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Trumponomics

noviembre 18, 2016

Fiscal expansion will lead to tighter monetary policy by the Fed

Based on campaign promises, the agenda of President-elect Donald Trump stands on three economic policy pillars. The first one is an expansive fiscal policy based on tax cuts. The second one is trade and migration protectionism. The third is deregulation for several industries.

Campaign promises may be watered down by Congress. In the fiscal front, a lot can be approved by a simple majority and Republicans held on to the majority in both chambers. However, fiscal room is limited and, hence, Republicans should be less aggressive regarding tax cuts than in the Ronald Reagan and George W. Bush administrations. The commander-in-chief can renegotiate free trade agreements (such as NAFTA) and hike import tariffs without Congressional approval, but a more aggressive trade policy is likely to prompt retaliation by trading partners, thus reducing the benefits of higher import tariffs. Regulatory overhauls generally require approval by 3/5 of the Senate, and thus require support from Democrats.

Hence, we anticipate moderate fiscal expansion and modest protectionist measures. The net effect will be a boost to short-term GDP growth, but without significant consequences in terms of potential GDP growth.  We estimate an initial boost to aggregate demand representing 0.8 p.p. of GDP.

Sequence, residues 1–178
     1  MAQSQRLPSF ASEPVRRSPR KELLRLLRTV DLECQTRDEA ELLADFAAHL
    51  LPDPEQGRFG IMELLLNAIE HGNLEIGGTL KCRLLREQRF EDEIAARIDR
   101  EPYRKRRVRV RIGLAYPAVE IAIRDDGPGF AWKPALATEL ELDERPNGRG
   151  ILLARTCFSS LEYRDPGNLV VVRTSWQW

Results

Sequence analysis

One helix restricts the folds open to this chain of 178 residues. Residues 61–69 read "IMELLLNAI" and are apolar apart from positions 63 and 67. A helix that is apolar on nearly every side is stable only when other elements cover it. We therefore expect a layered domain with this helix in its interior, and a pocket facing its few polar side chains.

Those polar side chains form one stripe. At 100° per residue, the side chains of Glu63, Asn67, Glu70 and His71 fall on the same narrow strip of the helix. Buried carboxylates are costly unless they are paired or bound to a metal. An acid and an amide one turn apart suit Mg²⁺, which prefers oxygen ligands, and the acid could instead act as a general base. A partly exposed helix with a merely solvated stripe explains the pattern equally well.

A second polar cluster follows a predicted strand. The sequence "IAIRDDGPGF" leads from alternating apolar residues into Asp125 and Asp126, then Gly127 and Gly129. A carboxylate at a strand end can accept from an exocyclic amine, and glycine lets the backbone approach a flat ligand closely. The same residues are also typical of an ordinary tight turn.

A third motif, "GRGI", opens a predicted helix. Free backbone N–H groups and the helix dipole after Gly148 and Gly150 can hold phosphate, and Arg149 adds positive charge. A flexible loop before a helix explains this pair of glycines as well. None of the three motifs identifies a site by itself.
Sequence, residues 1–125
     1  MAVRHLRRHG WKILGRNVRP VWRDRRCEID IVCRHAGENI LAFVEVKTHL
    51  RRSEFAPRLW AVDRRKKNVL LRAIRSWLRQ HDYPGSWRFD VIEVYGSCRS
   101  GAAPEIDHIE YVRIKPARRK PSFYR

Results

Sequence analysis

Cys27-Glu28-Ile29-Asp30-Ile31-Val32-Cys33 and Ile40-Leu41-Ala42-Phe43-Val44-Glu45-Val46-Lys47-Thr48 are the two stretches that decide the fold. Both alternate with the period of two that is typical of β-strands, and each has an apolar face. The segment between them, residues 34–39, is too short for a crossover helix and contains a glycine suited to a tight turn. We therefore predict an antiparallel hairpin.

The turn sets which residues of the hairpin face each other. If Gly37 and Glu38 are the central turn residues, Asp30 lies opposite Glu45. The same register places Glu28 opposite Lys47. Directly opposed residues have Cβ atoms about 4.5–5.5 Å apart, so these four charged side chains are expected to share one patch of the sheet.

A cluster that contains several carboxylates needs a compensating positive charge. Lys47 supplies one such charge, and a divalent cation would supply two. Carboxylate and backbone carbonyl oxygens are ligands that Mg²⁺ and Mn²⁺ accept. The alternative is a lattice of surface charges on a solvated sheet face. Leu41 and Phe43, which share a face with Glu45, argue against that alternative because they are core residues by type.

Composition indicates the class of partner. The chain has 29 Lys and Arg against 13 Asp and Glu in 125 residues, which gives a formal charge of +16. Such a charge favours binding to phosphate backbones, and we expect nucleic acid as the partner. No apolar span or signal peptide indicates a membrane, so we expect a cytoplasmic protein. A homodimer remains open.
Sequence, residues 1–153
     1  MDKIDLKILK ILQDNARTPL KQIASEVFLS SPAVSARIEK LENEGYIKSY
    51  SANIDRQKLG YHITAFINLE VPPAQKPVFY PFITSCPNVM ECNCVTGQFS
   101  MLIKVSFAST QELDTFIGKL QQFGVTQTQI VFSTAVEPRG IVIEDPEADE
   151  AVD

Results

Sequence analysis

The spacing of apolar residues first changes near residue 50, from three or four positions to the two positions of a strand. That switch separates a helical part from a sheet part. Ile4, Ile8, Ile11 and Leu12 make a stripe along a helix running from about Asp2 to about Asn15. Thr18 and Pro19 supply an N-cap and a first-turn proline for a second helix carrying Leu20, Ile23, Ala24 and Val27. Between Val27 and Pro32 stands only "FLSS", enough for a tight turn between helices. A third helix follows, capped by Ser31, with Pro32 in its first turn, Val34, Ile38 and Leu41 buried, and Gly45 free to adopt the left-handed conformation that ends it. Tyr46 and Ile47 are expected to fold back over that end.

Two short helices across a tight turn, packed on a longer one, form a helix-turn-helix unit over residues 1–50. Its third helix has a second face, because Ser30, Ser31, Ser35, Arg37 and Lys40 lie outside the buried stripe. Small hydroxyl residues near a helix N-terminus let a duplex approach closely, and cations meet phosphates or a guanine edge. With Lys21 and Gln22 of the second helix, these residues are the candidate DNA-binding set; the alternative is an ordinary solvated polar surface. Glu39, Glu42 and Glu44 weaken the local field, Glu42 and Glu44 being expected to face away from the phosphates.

However, the U.S. economy is close to full employment (unemployment rate: 4.9%) and to the inflation target of 2% (core PCE deflator: 1.7%).

Thus, the Federal Reserve will have to tighten monetary policy to offset the fiscal stimulus. We forecast the Fed will raise its Fed Funds rates by 175bps until the end of 2018, 50bps more than in our previous scenario, and 70bps more than currently implied by the markets.

We revised upward our 2018 forecasts for GDP growth by 50bps to 2.4% and for inflation by 10bps to 2.1%, assuming that fiscal measures will be approved by mid-2017, with its effects peaking in 2018, assuming the Fed partially offsetting the fiscal impulse with tighter monetary policy.

We outlined below the proposals presented by Donald Trump during the campaign and the expected outcome after the legislative approval process. In the coming weeks, Trump will choose his cabinet and we will then have more clarity about the path for these policies.